At the Ulster Wool depot in Antrim, there's a steady stream of sheep farmers turning up to offload bags of fleeces.
At peak, which is about now, this large warehouse can take in 30 tonnes of wool a day.
It's here to be graded, packed and sold at online auction by this not-for-profit co-operative, part of British Wool.
The wool, taken off many of Northern Ireland's two million sheep, will end up in clothes, curtains, soft furnishings - even the carpets of first class rail carriages.
But this year Covid-19 has, as in so many other areas, added major complications.
China processes 30% of Northern Ireland's wool.
But that market closed in February, at one of the busiest time of the year for sales.
It has meant that up to 10,000 tonnes of UK wool is sitting unsold in stores.
And that is bound to have an impact on prices paid to farmers.
The Ulster Farmers Union says the market is in "turmoil" and that's adding pressure to sheep farmers whose incomes are modest.
Shearing is principally done for animal welfare reasons.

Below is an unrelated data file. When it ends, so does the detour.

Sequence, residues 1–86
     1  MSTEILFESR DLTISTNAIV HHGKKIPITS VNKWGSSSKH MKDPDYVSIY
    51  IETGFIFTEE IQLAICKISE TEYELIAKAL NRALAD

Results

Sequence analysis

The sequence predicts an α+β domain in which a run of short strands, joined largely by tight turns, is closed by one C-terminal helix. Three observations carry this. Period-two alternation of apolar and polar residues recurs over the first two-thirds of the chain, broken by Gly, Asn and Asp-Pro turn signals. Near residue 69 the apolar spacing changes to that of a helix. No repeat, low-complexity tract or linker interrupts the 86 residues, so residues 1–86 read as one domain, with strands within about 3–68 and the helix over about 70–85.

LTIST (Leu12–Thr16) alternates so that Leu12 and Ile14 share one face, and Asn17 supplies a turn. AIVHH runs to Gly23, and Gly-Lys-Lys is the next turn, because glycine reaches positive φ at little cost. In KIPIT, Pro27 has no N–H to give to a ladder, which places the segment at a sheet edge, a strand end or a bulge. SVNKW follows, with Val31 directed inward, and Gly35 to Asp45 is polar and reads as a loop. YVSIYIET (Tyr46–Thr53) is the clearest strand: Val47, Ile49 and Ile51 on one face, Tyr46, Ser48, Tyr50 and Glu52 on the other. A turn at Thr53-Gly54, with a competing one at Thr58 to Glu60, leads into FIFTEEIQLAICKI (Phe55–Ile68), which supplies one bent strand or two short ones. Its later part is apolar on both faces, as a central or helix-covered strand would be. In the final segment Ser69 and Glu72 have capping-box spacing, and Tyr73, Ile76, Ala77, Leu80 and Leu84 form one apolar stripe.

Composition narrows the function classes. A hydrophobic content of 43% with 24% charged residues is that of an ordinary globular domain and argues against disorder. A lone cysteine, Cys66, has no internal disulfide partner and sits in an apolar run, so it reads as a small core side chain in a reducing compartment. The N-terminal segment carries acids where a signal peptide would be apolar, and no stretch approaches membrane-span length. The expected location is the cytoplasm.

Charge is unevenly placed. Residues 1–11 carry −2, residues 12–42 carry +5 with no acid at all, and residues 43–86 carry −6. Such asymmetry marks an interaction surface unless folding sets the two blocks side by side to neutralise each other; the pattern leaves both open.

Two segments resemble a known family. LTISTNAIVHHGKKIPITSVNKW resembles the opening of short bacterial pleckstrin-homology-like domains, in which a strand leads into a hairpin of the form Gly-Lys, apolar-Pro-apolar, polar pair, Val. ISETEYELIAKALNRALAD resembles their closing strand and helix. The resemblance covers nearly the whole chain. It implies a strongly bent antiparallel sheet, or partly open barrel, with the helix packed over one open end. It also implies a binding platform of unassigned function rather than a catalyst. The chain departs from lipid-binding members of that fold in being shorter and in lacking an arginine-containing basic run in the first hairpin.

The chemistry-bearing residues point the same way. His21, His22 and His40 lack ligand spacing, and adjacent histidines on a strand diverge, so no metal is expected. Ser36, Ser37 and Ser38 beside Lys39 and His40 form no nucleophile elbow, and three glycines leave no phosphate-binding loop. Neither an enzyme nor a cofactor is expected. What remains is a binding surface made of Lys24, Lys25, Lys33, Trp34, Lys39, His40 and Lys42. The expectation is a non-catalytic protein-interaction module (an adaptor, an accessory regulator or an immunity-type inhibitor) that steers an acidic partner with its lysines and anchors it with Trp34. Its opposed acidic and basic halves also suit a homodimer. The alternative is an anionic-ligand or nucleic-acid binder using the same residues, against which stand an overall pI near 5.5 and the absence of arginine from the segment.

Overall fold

It help prevent flystrike - a sometimes fatal condition which can leave animals very ill.
It's a job that has to be done annually at a cost of anything from £1.50 to £2 per sheep.
But under the complex pricing structure only the very best quality fleeces will come anywhere close to recouping that value.
For many farmers the value of the wool cheque will only pay around half the price of the shearing.
The industry has been lobbying the Department of Agriculture, Environment and Rural Affairs.
It may hope to get some consideration as part of a £25m Covid financial package, which is being worked up by Agriculture Minister Edwin Poots.